Identifying and Managing Project Risk: Essential Tools for Failure-proofing Your Project

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AMACOM Div American Mgmt Assn, 2003 - Business & Economics - 354 pages
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"There's a good reason project risk management is one of the most vital of the nine content areas of the Project Management Body of Knowledge (TM). Important projects tend to be time constrained, pose huge technical challenges, and suffer from a lack of adequate resources. It's no wonder that project managers are increasingly focusing their attention on risk identification.

Identifying and Managing Project Risk is a practical guide to minimizing the possibility of failure in critical projects. The book takes readers step by step through every phase of a project, showing them how to consider the possible risks involved at every point in the process. Relevant figures and diagrams support the text and illustrate key scenarios. At the end of each chapter is an analysis of how the principles just discussed applied to a supreme example of what many once considered a truly impossible project: the building of the Panama Canal.

Packed with real-world information, this book is essential reading for any project manager seeking to complete projects smoothly and successfully."

 

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Contents

Why Project Risk Management?
1
Risk
2
Benefits and Uses of Risk Data
8
The Risk Management Process
10
The First Panama Canal Project
12
Planning for Risk Management
17
Project Selection
18
Overall Project Planning Processes
20
Quantitative Risk Assessment
169
Key Ideas for Activity Risk Analysis
179
Managing Activity Risks
182
Root Cause Analysis
183
Categories of Risk
184
Risk Response Planning
186
Managing a Specific Risk
213
Key Ideas for Managing Activity Risks
217

Defining Risk Management for the Project
29
The PERIL Database
31
Key Ideas for Project Risk Planning
35
Identifying Project Scope Risk
37
Sources of Scope Risk
38
Defining Deliverables
41
HighLevel Risk Assessment Tools
48
Setting Limits
53
Work Breakdown Structure WBS
55
Other Risks
61
Document the Risks
64
Key Ideas for Identifying Scope Risks
65
Identifying Project Schedule Risk
68
Sources of Schedule Risk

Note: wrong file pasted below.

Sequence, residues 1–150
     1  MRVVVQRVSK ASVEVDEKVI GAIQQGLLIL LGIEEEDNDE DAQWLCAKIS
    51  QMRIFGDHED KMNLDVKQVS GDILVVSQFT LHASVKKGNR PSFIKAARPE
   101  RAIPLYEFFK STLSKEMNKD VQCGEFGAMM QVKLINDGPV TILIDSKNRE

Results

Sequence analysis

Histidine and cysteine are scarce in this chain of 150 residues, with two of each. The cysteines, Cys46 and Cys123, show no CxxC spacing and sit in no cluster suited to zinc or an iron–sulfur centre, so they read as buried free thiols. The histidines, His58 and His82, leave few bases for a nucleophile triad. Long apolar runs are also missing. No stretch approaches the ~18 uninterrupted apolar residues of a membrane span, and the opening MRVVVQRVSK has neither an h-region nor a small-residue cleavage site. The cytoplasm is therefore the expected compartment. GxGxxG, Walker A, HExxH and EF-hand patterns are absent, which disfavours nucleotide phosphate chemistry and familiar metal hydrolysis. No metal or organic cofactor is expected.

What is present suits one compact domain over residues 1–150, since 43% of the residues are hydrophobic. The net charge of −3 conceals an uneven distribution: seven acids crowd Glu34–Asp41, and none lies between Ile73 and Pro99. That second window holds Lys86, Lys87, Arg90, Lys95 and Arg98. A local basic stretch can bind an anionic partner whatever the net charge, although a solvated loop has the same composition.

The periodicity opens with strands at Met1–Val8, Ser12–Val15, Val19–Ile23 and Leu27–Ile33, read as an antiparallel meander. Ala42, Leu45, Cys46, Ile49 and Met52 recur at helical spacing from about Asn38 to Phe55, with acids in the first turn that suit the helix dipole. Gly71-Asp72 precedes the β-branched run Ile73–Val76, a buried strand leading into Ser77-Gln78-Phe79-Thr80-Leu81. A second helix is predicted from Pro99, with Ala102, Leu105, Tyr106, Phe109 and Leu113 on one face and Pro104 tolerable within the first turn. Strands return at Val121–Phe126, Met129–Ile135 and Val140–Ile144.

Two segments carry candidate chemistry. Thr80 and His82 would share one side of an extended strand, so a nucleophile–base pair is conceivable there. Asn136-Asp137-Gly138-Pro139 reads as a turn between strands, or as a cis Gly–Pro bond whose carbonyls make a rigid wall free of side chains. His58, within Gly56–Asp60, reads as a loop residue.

69
Activity Definition
73
Estimating Activity Duration
74
Activity Sequencing
93
Document the Risks
101
Key Ideas for Identifying Schedule Risks
102
Identifying Project Resource Risk
104
Sources of Resource Risk
105
Resource Planning
109
Staff Acquisition
114
Procurement Planning and Source Selection
119
Cost Estimating
127
Cost Budgeting
129
Key Ideas for Identifying Resource Risks
130
Managing Project Constraints and Documenting Risks
132
Analyze Constraints
133
Scope Options and Opportunity Management
138
Resource Options
143
Schedule Options
145
Assess Options and Update Plans
150
Seek Missing Risks
151
Key Ideas for Constraint Management and Risk Discovery
156
Quantifying and Analyzing Activity Risks
158
Quantitative and Qualitative Risk Analysis
159
Risk Probability
160
Risk Impact
161
Qualitative Risk Analysis
164
Risk Plans 19061914
218
Quantifying and Analyzing Project Risk
221
ProjectLevel Risk
222
Aggregating Risk Responses
224
Questionnaires and Surveys
225
Instructions for the Project Risk Questionnaire
226
Project Simulation and Modeling
233
Analysis of Scale
248
Project Appraisal
249
Project Metrics
251
Key Ideas for Project Risk Analysis
262
Managing Project Risk
264
Project Documentation Requirements
265
Project StartUp
267
Selecting and Implementing Project Metrics
271
Management Reserve
273
Project Baseline Negotiation
278
Project Plan Validation
282
Key Ideas for Managing Project Risk
288
Monitoring and Controlling Risky Projects
290
Applying the Plan
291
Project Monitoring
292
Collecting Project Status
295
Metrics and Trend Analysis
297
Responding to Issues
302
Communication
303
Project Archives
311
Project Reviews and Risk Reassessment
312
Key Ideas for Risk Monitoring and Control
317
Closing Projects
320
Project Closure
321
Project Retrospective Analysis
323
Key Ideas for Project Closure
329
Conclusion
331
The Next Project
335
Selected Detail from the PERIL Database
337
Selected Bibliography
345
Index
349
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About the author (2003)

Tom Kendrick (San Carlos, CA) has more than 25 years of project management experience, twelve of which were spent as a part of the Hewlett-Packard Project Management Initiative.

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